By Melinda Bargreen
Mendelssohn magic struck again in the Nordstrom Recital Hall, where the musicians of the Seattle Chamber Music Society’s Summer Festival ignited the July 23 audience with the composer’s Trio No. 2. It was the second Mendelssohn trio to raise the hall’s rafters, following a white-hot July 9 performance of Trio No. 1 in D Minor.
This time, it was violinist Stefan Jackiw, cellist Edward Arron, and pianist Max Levinson who brought the firepower to a composer whose smaller-scale works don’t routinely bring down the house. When you have the ultra-expressive Jackiw and Arron trading off phrases and leaning toward each other to catch each nuance, however, you have a duo of soaring lyricism far above the ordinary. They were matched by the keyboard sizzle of Levinson, who tore into the third movement at a thrilling tempo. There wasn’t a single dull phrase or humdrum line in the entire performance, and the audience erupted afterward with the kind of ovation that leaves no doubt about the success of the music-making.
The programming this year features an unusual amount of vocal music, and some of that was on offer Wednesday evening: the baritone James Westman in two song cycles by George Butterworth “Five Songs from ‘A Shropshire Lad’”) and his mentor, Ralph Vaughan Williams (“How Cold the Wind Doth Blow”), and mezzo-soprano Allyson McHardy in Kodaly’s “Molnar Anna” and Brahms’ “Two Songs” (Op. 91). Both singers have distinctive and effective voices; Westman’s baritone is mellow, easily produced, and clearly enunciated, with great expressive power. His performances of these mostly melancholy songs were both affecting and effective. McHardy’s voice is warm and opulent, though the articulation is occasionally a bit unwieldy.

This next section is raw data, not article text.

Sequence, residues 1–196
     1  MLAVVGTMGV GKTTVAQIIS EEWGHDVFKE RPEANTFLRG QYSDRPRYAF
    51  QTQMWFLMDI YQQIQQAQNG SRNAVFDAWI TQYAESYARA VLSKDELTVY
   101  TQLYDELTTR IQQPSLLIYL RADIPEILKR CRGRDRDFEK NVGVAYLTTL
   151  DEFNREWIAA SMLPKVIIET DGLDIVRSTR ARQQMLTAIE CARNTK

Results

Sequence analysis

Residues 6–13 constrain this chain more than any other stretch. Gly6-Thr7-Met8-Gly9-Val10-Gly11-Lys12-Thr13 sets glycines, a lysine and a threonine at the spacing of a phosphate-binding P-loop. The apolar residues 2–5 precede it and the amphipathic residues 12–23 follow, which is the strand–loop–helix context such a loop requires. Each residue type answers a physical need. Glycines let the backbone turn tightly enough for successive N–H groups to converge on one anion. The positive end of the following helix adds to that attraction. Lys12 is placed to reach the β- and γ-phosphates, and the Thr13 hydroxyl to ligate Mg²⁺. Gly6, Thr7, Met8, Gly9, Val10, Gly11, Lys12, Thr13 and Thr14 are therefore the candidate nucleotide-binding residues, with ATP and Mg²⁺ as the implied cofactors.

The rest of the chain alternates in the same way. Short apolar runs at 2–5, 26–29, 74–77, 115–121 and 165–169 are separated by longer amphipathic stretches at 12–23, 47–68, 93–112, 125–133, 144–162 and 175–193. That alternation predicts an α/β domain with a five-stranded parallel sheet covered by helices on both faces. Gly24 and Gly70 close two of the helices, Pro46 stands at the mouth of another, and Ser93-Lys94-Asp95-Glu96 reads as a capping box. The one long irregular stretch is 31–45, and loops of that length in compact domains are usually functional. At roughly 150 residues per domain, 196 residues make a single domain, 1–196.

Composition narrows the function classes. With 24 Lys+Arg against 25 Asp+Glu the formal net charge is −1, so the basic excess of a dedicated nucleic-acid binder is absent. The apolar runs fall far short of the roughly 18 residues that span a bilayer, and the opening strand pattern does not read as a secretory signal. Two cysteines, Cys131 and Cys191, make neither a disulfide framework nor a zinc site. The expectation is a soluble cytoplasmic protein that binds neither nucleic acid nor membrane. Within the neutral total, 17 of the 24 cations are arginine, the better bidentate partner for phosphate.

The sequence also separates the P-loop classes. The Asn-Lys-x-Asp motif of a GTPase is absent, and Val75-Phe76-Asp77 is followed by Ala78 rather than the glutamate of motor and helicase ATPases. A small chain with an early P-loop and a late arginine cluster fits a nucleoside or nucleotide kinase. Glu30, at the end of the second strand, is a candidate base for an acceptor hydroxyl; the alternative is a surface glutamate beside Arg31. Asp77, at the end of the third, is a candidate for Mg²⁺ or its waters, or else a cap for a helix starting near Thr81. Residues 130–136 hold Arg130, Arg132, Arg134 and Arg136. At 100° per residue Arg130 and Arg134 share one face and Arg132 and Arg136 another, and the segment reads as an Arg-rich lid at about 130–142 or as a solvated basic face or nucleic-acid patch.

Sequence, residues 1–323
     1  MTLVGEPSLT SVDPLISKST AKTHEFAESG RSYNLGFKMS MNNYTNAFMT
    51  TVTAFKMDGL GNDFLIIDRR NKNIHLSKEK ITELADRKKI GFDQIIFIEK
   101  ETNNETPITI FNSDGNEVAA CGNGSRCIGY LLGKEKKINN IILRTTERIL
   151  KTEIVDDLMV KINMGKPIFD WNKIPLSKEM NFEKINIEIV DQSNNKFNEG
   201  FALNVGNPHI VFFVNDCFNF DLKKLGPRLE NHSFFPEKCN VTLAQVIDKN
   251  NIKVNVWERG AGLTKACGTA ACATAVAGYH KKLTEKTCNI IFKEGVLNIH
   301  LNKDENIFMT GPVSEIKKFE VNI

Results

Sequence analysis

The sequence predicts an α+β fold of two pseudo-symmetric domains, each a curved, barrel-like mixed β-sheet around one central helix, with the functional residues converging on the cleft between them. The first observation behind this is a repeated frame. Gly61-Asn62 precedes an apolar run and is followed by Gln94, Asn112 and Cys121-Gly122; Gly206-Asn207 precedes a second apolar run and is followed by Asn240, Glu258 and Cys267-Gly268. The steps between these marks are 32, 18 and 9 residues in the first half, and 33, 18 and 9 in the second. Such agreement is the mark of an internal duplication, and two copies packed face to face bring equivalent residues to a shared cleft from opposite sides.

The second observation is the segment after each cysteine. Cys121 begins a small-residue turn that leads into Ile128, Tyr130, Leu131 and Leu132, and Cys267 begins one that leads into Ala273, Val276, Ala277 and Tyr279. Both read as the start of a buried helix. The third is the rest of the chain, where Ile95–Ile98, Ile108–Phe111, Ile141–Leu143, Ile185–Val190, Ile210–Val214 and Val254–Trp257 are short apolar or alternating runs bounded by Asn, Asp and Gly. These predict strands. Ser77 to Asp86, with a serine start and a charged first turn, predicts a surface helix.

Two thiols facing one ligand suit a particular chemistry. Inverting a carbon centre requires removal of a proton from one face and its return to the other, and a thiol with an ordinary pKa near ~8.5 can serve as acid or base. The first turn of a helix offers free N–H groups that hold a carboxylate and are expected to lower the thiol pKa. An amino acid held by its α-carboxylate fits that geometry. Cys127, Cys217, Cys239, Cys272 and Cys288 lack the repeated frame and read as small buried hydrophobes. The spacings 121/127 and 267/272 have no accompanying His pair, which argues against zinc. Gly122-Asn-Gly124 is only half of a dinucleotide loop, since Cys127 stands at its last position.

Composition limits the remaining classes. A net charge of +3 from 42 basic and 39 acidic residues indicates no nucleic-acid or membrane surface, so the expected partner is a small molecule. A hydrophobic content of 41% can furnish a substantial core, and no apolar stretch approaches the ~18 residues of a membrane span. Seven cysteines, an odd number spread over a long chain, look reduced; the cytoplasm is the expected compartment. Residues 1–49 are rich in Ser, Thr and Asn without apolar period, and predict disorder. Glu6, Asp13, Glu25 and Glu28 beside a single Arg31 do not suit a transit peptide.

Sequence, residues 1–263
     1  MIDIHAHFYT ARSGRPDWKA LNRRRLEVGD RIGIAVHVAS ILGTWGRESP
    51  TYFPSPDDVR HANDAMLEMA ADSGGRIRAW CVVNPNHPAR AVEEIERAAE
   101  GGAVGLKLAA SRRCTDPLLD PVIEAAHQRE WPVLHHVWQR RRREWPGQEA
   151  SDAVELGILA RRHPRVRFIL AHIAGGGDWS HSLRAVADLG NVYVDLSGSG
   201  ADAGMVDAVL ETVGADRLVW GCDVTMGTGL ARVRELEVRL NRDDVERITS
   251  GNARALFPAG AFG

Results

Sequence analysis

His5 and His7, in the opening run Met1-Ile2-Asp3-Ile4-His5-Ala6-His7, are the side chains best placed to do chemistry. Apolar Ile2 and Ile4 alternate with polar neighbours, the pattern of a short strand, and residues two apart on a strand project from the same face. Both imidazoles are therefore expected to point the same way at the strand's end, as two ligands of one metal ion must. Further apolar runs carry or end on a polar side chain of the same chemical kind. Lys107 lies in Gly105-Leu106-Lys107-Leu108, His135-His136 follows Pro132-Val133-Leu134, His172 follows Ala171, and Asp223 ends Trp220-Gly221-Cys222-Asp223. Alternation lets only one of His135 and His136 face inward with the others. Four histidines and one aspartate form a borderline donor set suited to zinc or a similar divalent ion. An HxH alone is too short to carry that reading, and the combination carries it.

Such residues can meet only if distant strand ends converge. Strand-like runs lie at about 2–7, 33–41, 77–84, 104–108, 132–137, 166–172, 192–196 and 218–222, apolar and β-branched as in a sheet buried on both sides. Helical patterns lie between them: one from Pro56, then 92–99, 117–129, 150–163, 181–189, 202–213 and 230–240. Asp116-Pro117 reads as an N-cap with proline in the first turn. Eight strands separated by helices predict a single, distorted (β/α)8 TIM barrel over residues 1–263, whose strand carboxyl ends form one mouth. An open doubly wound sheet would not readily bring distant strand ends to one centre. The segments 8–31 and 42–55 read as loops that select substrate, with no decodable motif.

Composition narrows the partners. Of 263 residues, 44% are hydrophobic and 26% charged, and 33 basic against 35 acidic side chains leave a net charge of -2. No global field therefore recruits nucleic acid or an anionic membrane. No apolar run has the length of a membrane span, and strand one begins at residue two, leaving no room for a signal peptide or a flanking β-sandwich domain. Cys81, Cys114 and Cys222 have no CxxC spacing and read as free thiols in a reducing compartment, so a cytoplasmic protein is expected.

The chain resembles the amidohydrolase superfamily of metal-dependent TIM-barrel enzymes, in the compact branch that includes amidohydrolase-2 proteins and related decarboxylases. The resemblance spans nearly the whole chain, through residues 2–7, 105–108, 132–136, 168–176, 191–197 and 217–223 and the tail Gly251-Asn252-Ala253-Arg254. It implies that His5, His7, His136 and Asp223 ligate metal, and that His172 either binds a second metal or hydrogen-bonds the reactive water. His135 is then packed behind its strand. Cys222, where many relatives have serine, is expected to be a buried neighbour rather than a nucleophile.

A few changes in the program were made to accommodate the unexpected absence of festival director/violinist James Ehnes, who departed early to be on hand for the birth of his second child. Erin Keefe stepped in for Ehnes to perform with Westman in the Vaughan Williams.
The concert was launched by a Schubert hors d’oeuvre, the Adagio and Rondo Concertante (D.487), with violinist Alexander Velinzon, violist Michael Klotz, cellist Bion Tsang, and pianist Inon Barnatan.
The pre-concert recital featured Levinson in two works of Bartok, for which the pianist issued a curious introduction that seemed to apologize for his programming choice (after the “Three Rondos on Hungarian Folk Tunes,” Levinson said encouragingly, “Not so bad, right?”) Indeed it wasn’t. Nor was the lively and often evocative performance of Bartok’s “Out of Doors” Suite, though Wednesday’s monsoon-like weather made “out of doors” the last place concert patrons wanted to be.